Monoplugs has just released version 2.1 of their B-Step Sequencer for iOS, Windows, Mac, Raspberry Pi and Linux.
B-Step Sequencer is a step sequencer for creating melodic loops, chord progressions, arpeggios, drum grooves and basslines.
Here’s what’s new……
Major New Features:
- Introduced: Basic AudioBus support.
- Introduced: Data/File Manager
- Download free projects, colour themes or chords on the fly
- Project im- & export via text or mail
- Share your projects at the Monoplugs servers
- Remember your projects: Assign audio samples and comments to your projects.
- Introduced: Embedded User Manual.
- Introduced: Colour Styler.
Other Major Changes:
- Added: Support for new Hosts like Nuendo, Energy XT2, Studio One…
Fixed: Transport issues e.g. in Cubase
Fixed: Host can crash on shutdown.
- Introduced: MIDI FX Audio Unit for Logic you can use B-Step as MIDI FX now.
- Official Yosemite compatible
- Multitouch: Windows fixed.
- Improved: Reducing CPU usage for better performance on older devices
- Improved: More stable clock generation.
The update also includes many other minor changes and fixes.
Pricing and Availability
Monoplugs’ B-Step v. 2.1 is available now for iOS, Android, Windows, Mac, Linux & Raspberry Pi.
11 thoughts on “Monoplugs Releases B-Step Sequencer 2.1 Update”
Cool thing is that there is a freeware edition so you try it out, wish more developers could do that
raspi? The Old one? So this, a touch-lcd and a Microcontroller makes a beatbox? I have to investigate that further…
Couldn’t spot the limitations of the trial but ended up downloading to play around with it. For anyone else interested you can’t load/save projects or export/import. Apart from that it all appears to work and more than enough to play around with.
Thinking about getting it, but $10 for iPad vs $58 for PC version. Is there $48 worth of difference?
nope. just price discrimination based on market segmentation. a lot of people with ipads wont think twice about the $10 price. people on PC are spoiled for choice… so if they wanted this… they wouldn’t mind paying more. at least i think that is their reasoning. or maybe they think PCs cost more so PC owners have more disposable income…. though the inverse is true for me.. i own a PC… wish i had an ipad… but don’t… because im too poor. haha
Depends on developer too, they may have had to get an outsider to help and they are trying to recoup the loss for doing that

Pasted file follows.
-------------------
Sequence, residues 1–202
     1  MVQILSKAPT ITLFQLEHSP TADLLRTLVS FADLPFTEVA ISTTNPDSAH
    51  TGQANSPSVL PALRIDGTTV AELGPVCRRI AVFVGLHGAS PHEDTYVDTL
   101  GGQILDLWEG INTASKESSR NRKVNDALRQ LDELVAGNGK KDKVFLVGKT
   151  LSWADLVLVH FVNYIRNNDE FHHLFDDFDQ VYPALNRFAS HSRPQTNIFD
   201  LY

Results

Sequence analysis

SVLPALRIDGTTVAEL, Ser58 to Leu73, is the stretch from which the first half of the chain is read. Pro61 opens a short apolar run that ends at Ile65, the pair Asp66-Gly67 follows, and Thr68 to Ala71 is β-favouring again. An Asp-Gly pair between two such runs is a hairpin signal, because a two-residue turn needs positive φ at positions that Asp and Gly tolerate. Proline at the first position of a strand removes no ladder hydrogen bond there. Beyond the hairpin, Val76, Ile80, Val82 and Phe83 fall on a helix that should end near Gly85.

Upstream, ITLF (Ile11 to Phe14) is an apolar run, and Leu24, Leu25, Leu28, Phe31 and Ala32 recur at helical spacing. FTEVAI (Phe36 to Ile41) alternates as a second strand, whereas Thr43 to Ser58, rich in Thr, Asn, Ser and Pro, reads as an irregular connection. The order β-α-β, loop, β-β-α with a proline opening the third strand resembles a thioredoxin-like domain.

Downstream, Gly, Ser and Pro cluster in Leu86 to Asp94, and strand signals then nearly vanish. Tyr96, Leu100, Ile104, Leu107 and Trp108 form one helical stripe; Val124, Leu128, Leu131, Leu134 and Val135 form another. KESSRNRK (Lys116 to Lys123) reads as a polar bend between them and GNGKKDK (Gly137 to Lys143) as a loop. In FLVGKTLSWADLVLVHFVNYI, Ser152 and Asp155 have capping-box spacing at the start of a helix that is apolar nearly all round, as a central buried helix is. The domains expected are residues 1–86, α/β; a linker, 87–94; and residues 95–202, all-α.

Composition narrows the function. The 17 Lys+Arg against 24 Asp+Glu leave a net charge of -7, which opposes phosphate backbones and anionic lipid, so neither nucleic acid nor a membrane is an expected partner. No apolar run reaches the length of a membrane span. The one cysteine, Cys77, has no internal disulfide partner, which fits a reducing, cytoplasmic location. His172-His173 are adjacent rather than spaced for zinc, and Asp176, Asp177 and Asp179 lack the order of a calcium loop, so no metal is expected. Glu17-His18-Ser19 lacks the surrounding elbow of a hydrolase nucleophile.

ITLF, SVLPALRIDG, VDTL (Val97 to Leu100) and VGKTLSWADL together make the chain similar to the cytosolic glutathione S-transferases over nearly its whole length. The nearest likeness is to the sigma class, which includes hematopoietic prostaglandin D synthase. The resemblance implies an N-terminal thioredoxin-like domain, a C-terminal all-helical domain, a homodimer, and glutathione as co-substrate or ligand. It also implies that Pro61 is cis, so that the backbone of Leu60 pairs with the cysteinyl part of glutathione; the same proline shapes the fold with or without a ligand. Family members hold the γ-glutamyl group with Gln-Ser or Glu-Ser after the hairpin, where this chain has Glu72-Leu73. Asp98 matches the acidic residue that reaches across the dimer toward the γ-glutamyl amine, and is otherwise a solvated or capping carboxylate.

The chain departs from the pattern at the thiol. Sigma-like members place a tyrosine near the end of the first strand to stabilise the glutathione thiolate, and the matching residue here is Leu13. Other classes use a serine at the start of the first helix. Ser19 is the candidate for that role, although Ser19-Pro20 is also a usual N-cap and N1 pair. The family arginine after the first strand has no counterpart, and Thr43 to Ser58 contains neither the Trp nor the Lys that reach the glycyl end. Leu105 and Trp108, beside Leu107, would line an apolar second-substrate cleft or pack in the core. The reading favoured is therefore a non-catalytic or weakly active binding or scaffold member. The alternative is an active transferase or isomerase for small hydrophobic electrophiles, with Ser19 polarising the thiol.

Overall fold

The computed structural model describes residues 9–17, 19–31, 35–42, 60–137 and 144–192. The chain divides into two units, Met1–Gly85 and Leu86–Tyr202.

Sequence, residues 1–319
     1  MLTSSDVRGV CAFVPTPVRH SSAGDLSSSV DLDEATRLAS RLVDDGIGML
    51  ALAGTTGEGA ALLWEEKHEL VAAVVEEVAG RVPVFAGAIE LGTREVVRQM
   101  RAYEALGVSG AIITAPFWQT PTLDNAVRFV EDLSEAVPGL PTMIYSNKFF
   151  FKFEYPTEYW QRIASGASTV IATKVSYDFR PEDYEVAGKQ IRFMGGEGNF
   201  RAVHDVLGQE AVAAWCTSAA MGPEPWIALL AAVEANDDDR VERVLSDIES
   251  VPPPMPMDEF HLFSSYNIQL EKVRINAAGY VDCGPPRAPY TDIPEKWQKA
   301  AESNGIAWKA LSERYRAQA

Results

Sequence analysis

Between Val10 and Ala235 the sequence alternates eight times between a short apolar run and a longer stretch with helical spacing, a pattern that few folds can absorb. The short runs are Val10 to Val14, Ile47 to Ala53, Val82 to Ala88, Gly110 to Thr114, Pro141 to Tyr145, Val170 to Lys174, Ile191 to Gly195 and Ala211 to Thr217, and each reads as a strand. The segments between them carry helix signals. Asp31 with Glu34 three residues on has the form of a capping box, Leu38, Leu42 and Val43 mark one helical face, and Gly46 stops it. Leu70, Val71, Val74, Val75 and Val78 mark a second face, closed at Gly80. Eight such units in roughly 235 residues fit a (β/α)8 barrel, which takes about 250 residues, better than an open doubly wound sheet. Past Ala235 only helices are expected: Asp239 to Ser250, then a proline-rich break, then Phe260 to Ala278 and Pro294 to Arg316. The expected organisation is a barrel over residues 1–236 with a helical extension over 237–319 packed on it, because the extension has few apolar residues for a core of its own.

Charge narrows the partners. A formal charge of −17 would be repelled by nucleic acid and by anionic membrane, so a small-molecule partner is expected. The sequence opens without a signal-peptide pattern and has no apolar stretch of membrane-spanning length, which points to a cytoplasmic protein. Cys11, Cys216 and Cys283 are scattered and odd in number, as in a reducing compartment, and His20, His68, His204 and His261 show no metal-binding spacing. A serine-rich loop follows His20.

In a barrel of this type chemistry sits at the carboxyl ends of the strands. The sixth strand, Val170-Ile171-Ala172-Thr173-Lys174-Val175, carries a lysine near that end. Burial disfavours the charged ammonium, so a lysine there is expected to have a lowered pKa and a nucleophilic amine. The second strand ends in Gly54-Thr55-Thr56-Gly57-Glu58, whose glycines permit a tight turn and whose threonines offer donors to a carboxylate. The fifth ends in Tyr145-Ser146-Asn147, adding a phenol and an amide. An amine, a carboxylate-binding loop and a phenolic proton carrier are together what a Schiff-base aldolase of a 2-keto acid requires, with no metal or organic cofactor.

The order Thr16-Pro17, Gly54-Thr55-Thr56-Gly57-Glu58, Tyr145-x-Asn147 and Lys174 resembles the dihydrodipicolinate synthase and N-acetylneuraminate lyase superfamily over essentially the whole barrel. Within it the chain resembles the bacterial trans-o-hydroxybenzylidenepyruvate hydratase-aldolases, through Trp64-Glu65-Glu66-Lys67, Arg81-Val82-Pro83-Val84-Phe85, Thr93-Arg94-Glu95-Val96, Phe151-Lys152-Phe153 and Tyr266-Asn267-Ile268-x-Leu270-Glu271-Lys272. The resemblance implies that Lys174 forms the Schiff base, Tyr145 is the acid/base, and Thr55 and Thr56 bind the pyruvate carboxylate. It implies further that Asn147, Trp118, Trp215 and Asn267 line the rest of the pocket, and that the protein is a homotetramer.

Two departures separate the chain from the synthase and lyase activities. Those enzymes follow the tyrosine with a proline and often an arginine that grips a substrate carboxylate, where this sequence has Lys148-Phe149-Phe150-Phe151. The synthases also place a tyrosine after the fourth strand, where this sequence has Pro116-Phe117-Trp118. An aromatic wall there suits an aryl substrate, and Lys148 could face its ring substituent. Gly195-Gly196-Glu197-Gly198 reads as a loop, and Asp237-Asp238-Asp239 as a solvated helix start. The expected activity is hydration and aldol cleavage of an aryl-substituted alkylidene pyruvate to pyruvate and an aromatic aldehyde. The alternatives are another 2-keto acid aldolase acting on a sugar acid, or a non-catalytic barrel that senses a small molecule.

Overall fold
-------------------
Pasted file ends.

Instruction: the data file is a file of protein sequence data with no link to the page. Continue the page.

Takes a lot of momentum (so, time+money) to convert a web visitor into a customer. Takes considerably less to turn an app store browser into a customer. 5 times less? I dunno but easily likely. Two taps and start using is just a lot different than getting out your CC and downloading and installing and drivers and …
I own and use it on my iPad. It’s a great sequencer.
For developers, App Stores mean they don’t lose any significant money to piracy, and Apple or Google handles all infrastructure to support the transactions, international sales, monetary exchanges, etc.
The developer has to support all that stuff for the desktop platforms, plus piracy.
With tools like MIDI LE becoming available that let you use an iPad as a wired MIDI peripheral, these software sequencer apps become a lot more interesting.
Al though there is some risk in the app market for knock off copies (more of problem in games) there was that company a few years ago that I believe apple kick of iTunes because their knock off rating were falsely generated by giving users a discount price for a 5 start review
This looks like a lot of fun, but maybe the best thing about it is the Linux compatibility. More of this from every dev, please.
Had some issues installing it on the Raspberry Pi 2 at first. Seems to work OK on raspian but did crash twice on me. Probably due to my Pi2 power issues (overclocked, backpowering from a usb hub w/ wifi and a wiresless keyboard/mouse…) Still loads of fun. Might install it on my main Linux rig w/ Opensuse to get a better experience.
FYI, if you are forcing audio out through the HDMI to a television, you might have set up the audio to hear anything. The scaling is usable, but you might be squinting a bit if you are sitting on a couch across from a TV.
why remove support for Android tablets with small screens?